I want to be very influential and remembered in Africa but I want to be remembered for my actions. There are so many people struggling in my country, and just like my big brother Dikembe Mutombo, I want to be able to help in any way I can. I want my legacy to be more than just a basketball player. I want to bring joy and hope to so many people, and I want to help as many as I can. That’s the reason I started the Serge Ibaka Foundation.

What will be your most defining moment in the NBA and your contribution to Africa?

That is tough because I am just 26 and believe I have so much time left. In the NBA, I want to be remembered as a great player, but I don’t want there to be one defining moment. I want people to look back on my career when I am finished and be impressed with my story; how I got to where I did; and how I accomplished what I did. For Africa, I want to keep helping out.

Serge Ibaka #9 of the Oklahoma City Thunder scores against the New Orleans Pelicans on December 2, 2014 in New Orleans, Louisiana. © Getty Images

Even after I am done playing I will continue helping through my foundation and other foundations. You can never give back enough. I want to be able to have an impact on young people, so they can start their own journey. I want them to think that anything is possible.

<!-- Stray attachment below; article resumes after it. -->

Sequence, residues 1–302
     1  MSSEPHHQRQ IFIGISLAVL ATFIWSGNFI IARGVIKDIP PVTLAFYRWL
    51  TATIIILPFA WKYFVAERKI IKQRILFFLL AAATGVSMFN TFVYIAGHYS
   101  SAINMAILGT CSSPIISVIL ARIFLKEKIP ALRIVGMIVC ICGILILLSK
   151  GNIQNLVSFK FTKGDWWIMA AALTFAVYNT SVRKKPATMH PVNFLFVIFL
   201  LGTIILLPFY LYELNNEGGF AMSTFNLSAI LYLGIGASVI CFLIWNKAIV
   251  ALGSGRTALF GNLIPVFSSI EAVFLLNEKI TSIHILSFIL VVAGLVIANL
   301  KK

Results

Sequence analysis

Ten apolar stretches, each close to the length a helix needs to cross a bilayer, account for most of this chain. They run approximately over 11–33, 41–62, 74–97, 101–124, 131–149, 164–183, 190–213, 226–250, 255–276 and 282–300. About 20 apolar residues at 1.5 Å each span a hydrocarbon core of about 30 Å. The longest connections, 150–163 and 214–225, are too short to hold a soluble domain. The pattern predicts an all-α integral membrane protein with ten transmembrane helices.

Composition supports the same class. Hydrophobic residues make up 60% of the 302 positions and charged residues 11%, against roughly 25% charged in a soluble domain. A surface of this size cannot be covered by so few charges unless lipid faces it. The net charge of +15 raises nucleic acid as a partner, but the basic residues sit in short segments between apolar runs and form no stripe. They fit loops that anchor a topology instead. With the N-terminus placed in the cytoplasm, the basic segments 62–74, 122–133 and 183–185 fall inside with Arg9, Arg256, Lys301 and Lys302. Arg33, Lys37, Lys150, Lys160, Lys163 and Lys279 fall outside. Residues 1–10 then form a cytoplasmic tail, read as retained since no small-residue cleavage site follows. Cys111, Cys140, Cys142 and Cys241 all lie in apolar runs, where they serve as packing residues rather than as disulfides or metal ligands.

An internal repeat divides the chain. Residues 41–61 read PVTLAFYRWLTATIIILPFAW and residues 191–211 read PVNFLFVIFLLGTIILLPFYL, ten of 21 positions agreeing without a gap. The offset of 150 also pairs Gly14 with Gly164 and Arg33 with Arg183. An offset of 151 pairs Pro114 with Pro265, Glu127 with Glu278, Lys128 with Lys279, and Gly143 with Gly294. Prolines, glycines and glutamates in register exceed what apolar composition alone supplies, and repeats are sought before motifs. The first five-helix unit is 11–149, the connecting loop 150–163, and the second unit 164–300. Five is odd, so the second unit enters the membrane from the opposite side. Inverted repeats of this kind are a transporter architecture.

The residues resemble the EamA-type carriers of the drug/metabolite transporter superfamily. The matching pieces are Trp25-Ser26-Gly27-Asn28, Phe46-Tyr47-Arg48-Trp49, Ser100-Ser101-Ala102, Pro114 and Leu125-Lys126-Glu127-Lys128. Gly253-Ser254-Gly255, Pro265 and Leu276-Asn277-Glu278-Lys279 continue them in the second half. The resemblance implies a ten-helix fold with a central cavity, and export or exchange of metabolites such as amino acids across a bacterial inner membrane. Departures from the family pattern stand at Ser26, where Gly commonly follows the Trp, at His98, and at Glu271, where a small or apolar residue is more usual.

This is an exciting season for Ibaka and despite being just 11 – 8, the Thunder is third in the Western Conference as of Saturday. It’s way too early to predict the Western Conference pecking order but hopefully they will go on to make the playoff this season.

But most importantly, I look forward to seeing Serge Ibaka being called up for the All-Star in February in Toronto, where I will be attending to witness this milestone in his journey. A great asset to our continent, Ibaka is someone we should all follow and support, simply because his story and journey will inspire change where ever you are in the world.